Early oral nutrition

No studies have investigated the direct relationship between postoperative nutritional supplementation and accelerating the achievement of discharge criteria. However, encouraging patients to eat and drink as soon as possible is considered an essential component of the ERAS protocol, as returning to normal food intake can help patients return to normal behavior [5].

Thromboembolism prophylaxis

Venous thromboembolism (VTE) has been reported to occur in approximately 40–60% of major orthopedic surgeries (THA, TKA, and hip fracture) without the use of preventive anticoagulants [90, 91]. The drugs commonly used for VTE prophylaxis include low-molecular-weight heparin, warfarin, rivaroxaban, fondaparinux, and aspirin [92]. Mechanical therapy commonly used for VTE prophylaxis includes graduated compression stockings and intermittent pneumatic compression devices (IPCDs) [92]. The main VTE prophylaxis guidelines are the American College of Chest Physicians (ACCP) guidelines and the American Academy of Orthopedic Surgeons (AAOS) guidelines. The recently announced 10th Amendment ACCP guidelines consider major orthopedic surgeries such as THA, TKA, and hip fracture a high-risk group for VTE and recommend that one of the drugs described above be used for at least 10–14 days and, if possible, up to 35 days after surgery [91]. However, although VTE prophylaxis reduces the frequency of thrombosis, it seems that the proportion of asymptomatic thrombosis is large, and the evidence that such thrombosis progresses to symptomatic thrombosis or pulmonary embolism is weak [93]. Therefore, AAOS considers the side effects of antithrombotic agents, such as bleeding, and suggests a guideline to prevent them, with additional emphasis on symptomatic DVT and pulmonary embolism (PE) [1, 53]. The guidelines that recommended a period of 10–35 days for VTE prophylaxis after THA, TKA, and hip fracture did not consider “early mobility.” Therefore, the AAOS guidelines considered “early mobility.” In fact, early mobility can reduce the occurrence of DVT, thereby reducing the period of prophylaxis and hospitalization [94].

Early mobilization

The patient should be mobilized as soon as possible after surgery. If the patient prolongs bed rest, the patient will have thromboembolism, pulmonary complications, and muscle atrophy [95] and eventually the hospitalization period will be extended. In fact, Guerra et al. reported that early mobility reduced hospitalization by an average of 1.8 days in total joint arthroplasty [96], and Deng et al. reported that patient‐reported outcome measures (PROMs) score of the early mobilization group was significantly better than that of the late mobilization group after distal radius fracture surgery [97].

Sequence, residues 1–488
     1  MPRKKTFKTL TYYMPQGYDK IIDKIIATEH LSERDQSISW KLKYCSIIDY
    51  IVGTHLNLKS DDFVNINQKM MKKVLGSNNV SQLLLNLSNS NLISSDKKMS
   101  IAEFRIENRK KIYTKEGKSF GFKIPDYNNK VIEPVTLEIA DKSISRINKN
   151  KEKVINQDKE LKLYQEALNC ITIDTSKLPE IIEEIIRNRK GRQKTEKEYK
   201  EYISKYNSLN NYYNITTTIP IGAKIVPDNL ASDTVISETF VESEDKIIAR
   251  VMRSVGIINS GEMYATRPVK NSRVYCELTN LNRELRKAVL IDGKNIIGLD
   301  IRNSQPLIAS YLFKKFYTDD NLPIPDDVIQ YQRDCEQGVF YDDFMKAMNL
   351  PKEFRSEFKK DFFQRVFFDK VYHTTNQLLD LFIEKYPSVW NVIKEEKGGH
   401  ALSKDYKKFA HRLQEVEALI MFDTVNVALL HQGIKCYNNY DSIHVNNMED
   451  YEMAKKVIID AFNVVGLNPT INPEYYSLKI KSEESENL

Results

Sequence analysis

Discharge planning

The ERAS of THA and TKA may include the objective discharge criteria for patients to be discharged directly to their home. It is necessary to clearly define the degree of independent dressing, the ability to get in and out of bed, the ability to sit and get up in a chair/toilet, the ability to be independent of personal care, and the ability to walk using a walker or crutches [98].

Outcomes of ERAS in orthopedic surgery (Table 2)

Table 2 Summary of the outcomes of ERAS in orthopedic surgery

LOS

ERAS reduced LOS [3, 11, 99,100,101,102,103,104,105,106,107,108,109,110,111]. In particular, Morrell et al. reported that 2428 patients in the ERAS group had a significant decrease in the LOS after THA and TKA compared with 5361 patients in the control group [3]. Furthermore, Sun et al. stated that, after anterior cruciate ligament reconstruction, 30 patients in the ERAS group had a significant decrease in LOS compared with 30 others in the control group (7.3 days versus 11.5 days, respectively) [111]. Wang et al. reported that the ERAS group had a shorter median LOS than the non-ERAS group in short-level lumbar fusion (12.30 ± 3.03 of ERAS group; 15.50 ± 1.88 in non-ERAS group) [105].